Home care workers are one of the largest groups of front-line health care workers who provide a critical link in successful health care and rehabilitation. Such jobs are precarious and mostly performed by women and minorities: low wages and benefits, unsafe working conditions, emotionally and physically draining labor, and lack of career advancement. In particular, the most recent study shows that during the COVID-19 pandemic, they were pushed to higher workloads without receiving sufficient personal protective equipment, COVID-19 related information, training, or support from their agencies. This all, in turn, risks the quality of services for older adults, people with disabilities, and other service users. The median caregiver turnover rate across the industry was 82% in 2018. This high turnover rate among home care workers creates a significant service gap.
In order to improve precarious working conditions of home care workers, a labor union, 1199 SEIU, has organized home care workers for the last several decades in NYC. This study aims to understand if and how labor union approaches for home care workers affected their workers’ job crafting. Job Crafting refers to the process of workers proactively crafting their job designs by changing task (adding, dropping, and redesigning tasks), relational (creating, sustaining, or avoiding relationships), and cognitive boundaries (reframing the meaning of the job). It captures the active changes workers make to their own job design in ways that can bring about numerous positive outcomes.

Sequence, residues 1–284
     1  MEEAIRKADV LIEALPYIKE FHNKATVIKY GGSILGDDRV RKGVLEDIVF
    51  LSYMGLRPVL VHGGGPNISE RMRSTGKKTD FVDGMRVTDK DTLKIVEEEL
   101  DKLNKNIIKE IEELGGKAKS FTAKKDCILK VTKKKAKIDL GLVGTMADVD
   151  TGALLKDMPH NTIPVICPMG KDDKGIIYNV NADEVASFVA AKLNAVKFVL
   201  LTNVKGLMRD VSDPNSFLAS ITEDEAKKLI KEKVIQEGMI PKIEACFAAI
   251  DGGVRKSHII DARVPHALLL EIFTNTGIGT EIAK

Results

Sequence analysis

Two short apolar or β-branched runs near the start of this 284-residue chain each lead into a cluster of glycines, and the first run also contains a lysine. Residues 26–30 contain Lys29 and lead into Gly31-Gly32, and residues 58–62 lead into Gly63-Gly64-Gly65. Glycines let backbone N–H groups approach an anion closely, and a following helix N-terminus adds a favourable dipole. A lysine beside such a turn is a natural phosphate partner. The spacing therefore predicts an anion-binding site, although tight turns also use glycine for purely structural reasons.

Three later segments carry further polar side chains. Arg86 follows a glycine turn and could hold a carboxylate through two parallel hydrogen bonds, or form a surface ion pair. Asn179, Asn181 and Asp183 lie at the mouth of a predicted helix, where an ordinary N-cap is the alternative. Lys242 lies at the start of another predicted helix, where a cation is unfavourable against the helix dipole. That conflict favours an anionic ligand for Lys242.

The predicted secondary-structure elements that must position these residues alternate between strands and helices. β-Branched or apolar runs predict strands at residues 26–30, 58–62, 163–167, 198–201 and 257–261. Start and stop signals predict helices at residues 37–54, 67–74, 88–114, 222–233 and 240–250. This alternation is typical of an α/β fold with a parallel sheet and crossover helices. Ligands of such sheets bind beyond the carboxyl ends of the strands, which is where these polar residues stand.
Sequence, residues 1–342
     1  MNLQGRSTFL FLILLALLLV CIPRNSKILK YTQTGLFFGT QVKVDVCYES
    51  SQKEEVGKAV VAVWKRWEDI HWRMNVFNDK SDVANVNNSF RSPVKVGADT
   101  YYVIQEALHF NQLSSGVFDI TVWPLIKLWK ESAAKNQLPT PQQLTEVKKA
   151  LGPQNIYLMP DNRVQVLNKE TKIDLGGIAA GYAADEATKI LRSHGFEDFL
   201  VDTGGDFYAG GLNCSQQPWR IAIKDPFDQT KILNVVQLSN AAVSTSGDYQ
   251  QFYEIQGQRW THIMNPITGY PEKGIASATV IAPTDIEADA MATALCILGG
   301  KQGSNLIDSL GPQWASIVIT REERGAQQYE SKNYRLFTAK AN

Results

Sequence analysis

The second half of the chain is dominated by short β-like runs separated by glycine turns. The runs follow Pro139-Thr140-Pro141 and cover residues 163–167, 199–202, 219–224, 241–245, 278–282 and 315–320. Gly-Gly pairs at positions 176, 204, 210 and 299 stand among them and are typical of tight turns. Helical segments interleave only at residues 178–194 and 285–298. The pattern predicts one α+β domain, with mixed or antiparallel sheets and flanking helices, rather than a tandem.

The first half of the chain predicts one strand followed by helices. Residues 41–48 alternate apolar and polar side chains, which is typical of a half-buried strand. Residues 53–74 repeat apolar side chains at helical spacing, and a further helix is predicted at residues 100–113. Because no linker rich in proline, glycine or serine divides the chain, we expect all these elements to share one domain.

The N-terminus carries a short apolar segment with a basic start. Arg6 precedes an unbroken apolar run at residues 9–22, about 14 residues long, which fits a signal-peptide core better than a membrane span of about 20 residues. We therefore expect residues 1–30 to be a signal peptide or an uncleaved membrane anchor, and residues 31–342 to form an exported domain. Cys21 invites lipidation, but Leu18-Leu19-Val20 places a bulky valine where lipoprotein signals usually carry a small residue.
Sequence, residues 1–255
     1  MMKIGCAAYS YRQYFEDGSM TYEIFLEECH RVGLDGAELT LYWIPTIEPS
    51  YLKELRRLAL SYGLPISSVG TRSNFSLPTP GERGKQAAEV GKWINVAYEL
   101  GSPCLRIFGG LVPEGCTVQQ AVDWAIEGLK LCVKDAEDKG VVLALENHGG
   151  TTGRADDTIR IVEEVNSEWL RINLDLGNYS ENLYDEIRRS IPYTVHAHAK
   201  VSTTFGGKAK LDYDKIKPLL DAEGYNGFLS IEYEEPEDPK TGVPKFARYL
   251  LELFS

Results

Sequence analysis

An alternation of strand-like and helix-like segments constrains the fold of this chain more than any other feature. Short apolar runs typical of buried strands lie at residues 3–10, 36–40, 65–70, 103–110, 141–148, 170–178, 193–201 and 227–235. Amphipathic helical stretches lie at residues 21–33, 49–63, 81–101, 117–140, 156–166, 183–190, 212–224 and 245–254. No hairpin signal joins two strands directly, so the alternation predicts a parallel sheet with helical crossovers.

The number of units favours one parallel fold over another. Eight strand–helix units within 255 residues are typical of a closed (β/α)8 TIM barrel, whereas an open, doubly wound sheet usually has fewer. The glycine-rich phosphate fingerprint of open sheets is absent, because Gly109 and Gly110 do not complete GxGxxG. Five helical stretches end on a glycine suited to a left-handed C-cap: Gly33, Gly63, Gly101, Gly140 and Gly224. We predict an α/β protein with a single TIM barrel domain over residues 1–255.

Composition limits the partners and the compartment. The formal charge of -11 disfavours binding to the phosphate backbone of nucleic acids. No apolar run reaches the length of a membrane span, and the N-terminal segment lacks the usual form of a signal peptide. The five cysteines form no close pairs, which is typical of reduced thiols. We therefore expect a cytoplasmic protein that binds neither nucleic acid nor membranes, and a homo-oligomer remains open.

This paper uses a qualitative case study. We interviewed 15 home care worker members of 1199 SEIU in NYC. We use semi-structured in-depth interviews with audio recording (some in person and some through Zoom) and participatory observation. This study uses template analysis, which is a method of thematically organizing qualitative data by developing a coding template.
This study found that 1199’s strategies positively encouraged home care workers’ job crafting. In specific, job training and educational programs promoted task and cognitive crafting. They applied what they learned from training to their tasks and extended their tasks in order to better satisfy their clients’ needs. In addition, they began to think of themselves as a professional and developed aspirational career plans. Leadership training encouraged them to pursue a higher level of involvement in 1199 and to voluntarily take more tasks like being a delegate. Through this process, they began to consider themselves as an agent who brings changes into their work environment. Relationship building opportunity and advocacy activities promoted interviewees’ relational and cognitive crafting. By participating in diverse meetings arranged by 1199, they began to value other members of 1199 like a family and to engage in advocacy activities. This led cognitive crafting in that they began to believe that they have power because they are protected by 1199 and can change policies and work environments by working together.
These results imply that labor union's support can be important for precarious workers who lack individual resources and power to develop job crafting, which proactively change their work environment and meaning of their job.